Centering Participatory Action Research in Racial Equity and Global Justice
Rhianna C. Rogers, director of the RAND Center to Advance Racial Equity Policy, presented to the 13th Geneva Forum on December 15, 2021, at the United Nations in Geneva, Switzerland.
Rogers noted that, around the world, organizations are making commitments to achieve racial equity and global justice. However, the complexities associated with achieving those goals are not always clear. To reach these goals effectively, Rogers said, it is critical to grow skills in intersectional research spaces. At the same time, Rogers argued, it is important to acknowledge that personal beliefs and perceptions — rather than data — can determine how people respond to efforts to increase equity. Balancing racial equity studies, policy analysis, and cross-functional awareness is key to making the research and analysis carried out in the RAND Center to Advance Racial Equity Policy both meaningful and action-oriented.
Hello, my name is Dr. Rhianna Rogers, and I'm the director for the Center to Advance Racial Equity Policy at the RAND Corporation. My presentation is titled Centering Participatory Action Research in Racial Equity and Global Justice. So, let's begin.
First, I want to remind some of you who might have not been able to attend last year's session that in my previous job at SUNY Empire State College, I presented last year the presentation, titled Purposeful Participatory Action Research: Developing Responsive Programming Online. Much of the conversation that we're going to be having today builds upon the research that I brought with me from my life at SUNY into the RAND organization as I started in August. And so you'll be hearing some connections about prior work as we go through this presentation. So for those of you who don't know RAND, RAND is one of the oldest think tanks in the United States, and it has direct connections with public policy in many, many ways. It also is host to the oldest public policy dissertation program in the country.
And so one of the reasons that I left higher education formally and I came to this think tank is very similar to what I said in a recent article in Forward, which is the Center to Advance Racial Equity Policy's newsletter. I truly believe that now more than ever, these types of initiatives need to move quickly if we truly want to see change happen not only on a national level in the United States, but on an international scale. Getting together individuals who haven't typically been given voice is so critical right now if we're going to actually make real policy change and make society better for all. And so one of the things that we're going to be covering today, which is why this is part of that Participatory Action Research Forum that's inside of the Geneva Forum, is really to focus on best practices and ways that we can integrate learning from others into the development of successful programming.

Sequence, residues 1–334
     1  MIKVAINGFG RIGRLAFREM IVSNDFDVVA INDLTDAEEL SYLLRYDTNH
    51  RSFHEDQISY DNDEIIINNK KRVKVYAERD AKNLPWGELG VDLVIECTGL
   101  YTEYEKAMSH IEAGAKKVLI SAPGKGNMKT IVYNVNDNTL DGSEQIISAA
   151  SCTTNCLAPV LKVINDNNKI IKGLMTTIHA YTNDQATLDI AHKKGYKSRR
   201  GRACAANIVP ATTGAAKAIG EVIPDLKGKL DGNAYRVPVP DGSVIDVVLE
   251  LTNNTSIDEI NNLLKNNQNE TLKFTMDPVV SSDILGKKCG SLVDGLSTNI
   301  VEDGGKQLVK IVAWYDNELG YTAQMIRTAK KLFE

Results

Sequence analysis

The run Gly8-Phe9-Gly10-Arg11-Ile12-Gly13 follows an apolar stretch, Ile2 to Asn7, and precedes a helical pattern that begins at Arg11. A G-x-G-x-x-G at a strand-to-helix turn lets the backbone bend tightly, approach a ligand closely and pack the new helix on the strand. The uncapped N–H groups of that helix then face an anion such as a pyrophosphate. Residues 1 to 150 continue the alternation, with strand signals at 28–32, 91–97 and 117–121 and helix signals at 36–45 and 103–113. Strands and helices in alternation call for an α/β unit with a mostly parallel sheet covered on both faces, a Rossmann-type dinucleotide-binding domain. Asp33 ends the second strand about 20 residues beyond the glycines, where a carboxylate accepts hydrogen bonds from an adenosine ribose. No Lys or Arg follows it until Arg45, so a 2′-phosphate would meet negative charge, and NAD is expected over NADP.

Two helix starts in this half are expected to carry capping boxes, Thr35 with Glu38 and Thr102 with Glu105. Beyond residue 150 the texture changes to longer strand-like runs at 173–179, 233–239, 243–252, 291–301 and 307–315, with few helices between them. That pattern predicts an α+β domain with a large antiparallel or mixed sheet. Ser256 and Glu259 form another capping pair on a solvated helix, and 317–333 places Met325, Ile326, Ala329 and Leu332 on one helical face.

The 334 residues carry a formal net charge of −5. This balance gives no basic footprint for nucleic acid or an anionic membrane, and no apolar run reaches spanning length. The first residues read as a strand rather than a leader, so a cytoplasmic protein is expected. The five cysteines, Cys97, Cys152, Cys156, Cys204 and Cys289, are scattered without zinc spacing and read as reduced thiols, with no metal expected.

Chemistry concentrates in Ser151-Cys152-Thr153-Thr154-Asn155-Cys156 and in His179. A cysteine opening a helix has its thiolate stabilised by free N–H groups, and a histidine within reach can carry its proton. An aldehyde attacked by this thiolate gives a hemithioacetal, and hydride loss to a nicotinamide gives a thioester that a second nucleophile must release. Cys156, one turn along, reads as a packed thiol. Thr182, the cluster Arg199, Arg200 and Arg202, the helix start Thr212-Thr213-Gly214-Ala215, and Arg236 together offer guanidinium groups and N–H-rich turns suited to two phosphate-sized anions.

Now, before we begin, I want to highlight the fact that there are three main pillars that the Center covers. The first is methods and action. In this space, we're looking at developing ways that can challenge the status quo of methodologies that are looking at equity and equity studies and finding new ways to be more inclusive and to bring more people to the table. The second area is dialogue and change. And this is really getting people from different backgrounds in the room to have conversations. This is quite important when we're trying to develop new policies because we want to make sure that we're representing voices. And then the third pillar is policy leadership. I like to call this the development of new leaders of the future. This can be anyone from any walk of life or any age group, but individuals who want to upskill themselves in areas around racial equity so that they can make an impact on their community, their neighborhoods, their regions, and ultimately the globe.
Now, before we get a deeper dive, I want to highlight a couple of key elements of racial equity. What does it actually mean? Well, what we focus on racial equity is that there's no one size fits all. Each and every person has their own unique experiences, and it's important to document those. For those of you who were able to attend my presentation last year, I talked about using participatory action research in my previous job at SUNY Empire State College, where we were talking through the lens of my project, the Buffalo Project, ways that we can incorporate student voice in the development of programmatic initiatives through the university system. At the Center, we're doing the exact same thing, but taking it beyond higher education and bringing it into the realm of society overall.